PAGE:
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HSS 2021: Summary findings from Eastern Equatoria, South Sudan
This report reflects on the 2021 Human Security Survey (HSS) outcomes of Magwi County, Eastern Equatoria State (EES), South Sudan, which took place over the course of three weeks in April 2021, as well as a community security dialogue which took place in August 2021 in Torit. During the three-day dialogue the main survey findings and their practical implications were presented, discussed and validated. Participants jointly developed an action plan for addressing security priorities locally.
Key findings & recommendations to local government and UNMISS
- Almost two-thirds of Magwi respondents (64%) generally reported improved security levels during 2020-2021 compared with previous years. Local stakeholders request UNMISS to:
- Actively assist in protecting returning refugees and IDPs to Magwi, and support confidence-building measures to guarantee and sustain the improved security to further encourage the return of refugees to the area, for instance by establishing a temporary field base in Magwi.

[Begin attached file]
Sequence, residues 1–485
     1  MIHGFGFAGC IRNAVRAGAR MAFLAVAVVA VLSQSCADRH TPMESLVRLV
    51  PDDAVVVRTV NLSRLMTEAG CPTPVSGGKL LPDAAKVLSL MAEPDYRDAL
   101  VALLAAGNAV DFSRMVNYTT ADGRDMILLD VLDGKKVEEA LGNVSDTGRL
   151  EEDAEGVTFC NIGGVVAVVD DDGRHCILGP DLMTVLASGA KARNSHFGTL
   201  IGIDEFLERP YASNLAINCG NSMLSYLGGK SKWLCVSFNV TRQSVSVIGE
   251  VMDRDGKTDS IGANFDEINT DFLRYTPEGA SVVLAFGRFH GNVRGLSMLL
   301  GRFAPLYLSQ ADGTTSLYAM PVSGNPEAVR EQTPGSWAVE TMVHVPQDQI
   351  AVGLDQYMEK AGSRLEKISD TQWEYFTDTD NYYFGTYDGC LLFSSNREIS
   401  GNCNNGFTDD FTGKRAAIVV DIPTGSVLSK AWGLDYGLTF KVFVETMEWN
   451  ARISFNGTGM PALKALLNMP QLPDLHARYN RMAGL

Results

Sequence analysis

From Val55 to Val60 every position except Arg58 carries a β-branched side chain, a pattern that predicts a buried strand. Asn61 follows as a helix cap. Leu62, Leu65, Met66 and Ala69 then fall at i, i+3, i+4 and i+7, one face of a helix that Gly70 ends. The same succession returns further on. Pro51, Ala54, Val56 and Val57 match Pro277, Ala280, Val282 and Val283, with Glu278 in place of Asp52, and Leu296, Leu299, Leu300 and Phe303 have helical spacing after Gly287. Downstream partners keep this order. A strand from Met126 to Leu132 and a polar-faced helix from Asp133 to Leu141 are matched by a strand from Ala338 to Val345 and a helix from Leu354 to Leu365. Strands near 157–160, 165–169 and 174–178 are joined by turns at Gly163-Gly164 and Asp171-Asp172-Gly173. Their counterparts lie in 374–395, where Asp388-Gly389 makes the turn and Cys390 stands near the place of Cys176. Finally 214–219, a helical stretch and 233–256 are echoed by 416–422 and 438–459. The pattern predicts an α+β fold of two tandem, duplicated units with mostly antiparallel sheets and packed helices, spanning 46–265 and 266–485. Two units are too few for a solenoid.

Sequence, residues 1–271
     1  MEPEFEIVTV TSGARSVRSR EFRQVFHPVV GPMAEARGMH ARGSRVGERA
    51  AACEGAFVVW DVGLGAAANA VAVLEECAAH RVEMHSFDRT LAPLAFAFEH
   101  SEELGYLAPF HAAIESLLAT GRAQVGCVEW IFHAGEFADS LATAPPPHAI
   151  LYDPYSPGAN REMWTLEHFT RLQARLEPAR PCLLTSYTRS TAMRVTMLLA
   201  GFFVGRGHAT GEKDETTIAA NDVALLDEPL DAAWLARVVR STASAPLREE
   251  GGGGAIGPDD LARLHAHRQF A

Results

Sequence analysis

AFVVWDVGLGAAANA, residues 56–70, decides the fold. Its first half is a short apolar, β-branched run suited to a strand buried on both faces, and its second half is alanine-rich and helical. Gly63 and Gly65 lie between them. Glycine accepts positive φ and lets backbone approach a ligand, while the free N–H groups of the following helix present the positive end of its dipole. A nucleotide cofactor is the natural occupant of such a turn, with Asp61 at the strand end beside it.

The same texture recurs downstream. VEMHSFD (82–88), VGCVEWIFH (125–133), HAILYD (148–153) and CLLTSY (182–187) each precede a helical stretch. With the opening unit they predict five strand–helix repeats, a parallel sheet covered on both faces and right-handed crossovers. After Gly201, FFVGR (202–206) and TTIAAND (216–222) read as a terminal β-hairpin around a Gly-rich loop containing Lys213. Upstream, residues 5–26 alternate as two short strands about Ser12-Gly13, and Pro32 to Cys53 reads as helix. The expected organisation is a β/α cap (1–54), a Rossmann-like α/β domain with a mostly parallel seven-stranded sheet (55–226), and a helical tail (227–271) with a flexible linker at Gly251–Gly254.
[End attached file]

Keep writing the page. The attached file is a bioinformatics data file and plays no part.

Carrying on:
- Local community leaders/chiefs and police are the most often contacted security actors in Magwi County, and their performance is considered good (chiefs = 69%, police = 57%). Local stakeholders call upon local government authorities and UNMISS to:
- Increase engagement and interaction with local communities, including chiefs, local government authorities and the police;
- Provide concrete support in improving local police capabilities through technical training and necessary resources. Through improved communication and more regular patrols, police can execute its ‘community policing’ potential;
- Report and punish all human rights abuses by uniformed personnel pro-actively, as they undermine the community’s confidence in local security actors;
- Provide logistical support to community-based protection initiatives such as local peace dialogues.
About this report
Date of publication:
Mar 12, 2022
PAX Protection of Civilians